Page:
I suppose support is good if you use Xilinx or Altera, between the
USENET and manufacturer forums. I rarely need support, and even when I
do it's just to save some time rather than figure it out myself.

I've never taxed any of my PLDs enough to care about very high efficiency.

Support for multiple vendors? Well, that will only happen if you aren't
using the software from one of the manufacturers. I don't go there, due
to too high prices, which I prefer free.

Good luck and have fun.

Thanks, Mr. CRC

--Winston

J

#### Jeroen Belleman

Jan 1, 1970
0
o said:
[...] VHDL is pretty easy to pick up.

Cheers

Phil Hobbs
IMO, the easiest way is to have a look at a book that teaches digital
design presenting simultaneously the conventional and the VHDL approach.
For instance, the first half of P. J. Ashenden's "Digital Design, an
Embedded Systems Approach Using VHDL". It seems there is the same book
with Verilog.

The most common error when learning VHDL is to start thinking of it in
software terms: since VHDL is a programming language, with constructs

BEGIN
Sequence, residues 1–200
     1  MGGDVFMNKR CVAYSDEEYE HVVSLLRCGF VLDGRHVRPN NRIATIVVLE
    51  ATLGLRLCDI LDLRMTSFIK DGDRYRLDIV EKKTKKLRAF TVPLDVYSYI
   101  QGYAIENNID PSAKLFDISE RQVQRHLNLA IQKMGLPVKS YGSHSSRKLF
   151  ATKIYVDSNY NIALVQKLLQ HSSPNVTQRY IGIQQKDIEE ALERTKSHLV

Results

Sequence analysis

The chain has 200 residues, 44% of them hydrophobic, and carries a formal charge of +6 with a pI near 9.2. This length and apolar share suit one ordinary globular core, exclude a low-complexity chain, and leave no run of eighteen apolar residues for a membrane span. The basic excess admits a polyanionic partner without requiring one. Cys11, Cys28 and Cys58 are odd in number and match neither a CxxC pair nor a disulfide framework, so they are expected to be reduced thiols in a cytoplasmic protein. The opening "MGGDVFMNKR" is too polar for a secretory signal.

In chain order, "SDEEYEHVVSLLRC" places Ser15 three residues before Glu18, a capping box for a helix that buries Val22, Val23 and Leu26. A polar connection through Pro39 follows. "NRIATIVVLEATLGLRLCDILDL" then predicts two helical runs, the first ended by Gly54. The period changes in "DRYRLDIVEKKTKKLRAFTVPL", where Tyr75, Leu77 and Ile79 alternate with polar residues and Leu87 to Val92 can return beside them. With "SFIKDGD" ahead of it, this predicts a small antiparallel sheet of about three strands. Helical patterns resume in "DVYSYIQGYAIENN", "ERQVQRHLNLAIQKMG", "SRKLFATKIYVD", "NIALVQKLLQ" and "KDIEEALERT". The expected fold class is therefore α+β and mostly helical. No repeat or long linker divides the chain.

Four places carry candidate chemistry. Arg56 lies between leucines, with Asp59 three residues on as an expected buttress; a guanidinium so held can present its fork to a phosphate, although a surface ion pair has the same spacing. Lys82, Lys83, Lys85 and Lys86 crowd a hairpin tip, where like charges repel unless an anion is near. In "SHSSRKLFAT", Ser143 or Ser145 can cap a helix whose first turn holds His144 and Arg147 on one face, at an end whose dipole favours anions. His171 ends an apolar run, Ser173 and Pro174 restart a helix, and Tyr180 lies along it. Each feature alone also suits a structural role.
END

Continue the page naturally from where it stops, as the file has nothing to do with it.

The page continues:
which are very similar to conventional languages, it is easy to forget
that you are actually using it for a very specific subset of its
abilities: to describe hardware. As you already know digital design,
this will not be a problem for you, but it IS a problem with students.

Pere

I have little trouble translating VHDL code in mind-images of logic
circuitry, but I find its syntax clumsy and baroque. I can't
seem to get used to "if signal = '1' then" as opposed to
"if signal then", or "<=" rather than just "=", not to mention
that "<=" means different things inside or outside of processes.
And the inconsistency of "elsif" vs. "end if", or the difference
between "if" and "when" statements, etc, etc.

Also, I see many people, even those fluent in VHDL, draw little
circuit diagrams before translating them into VHDL.

I think VHDL is a crutch, just like the 1984 rectangular logic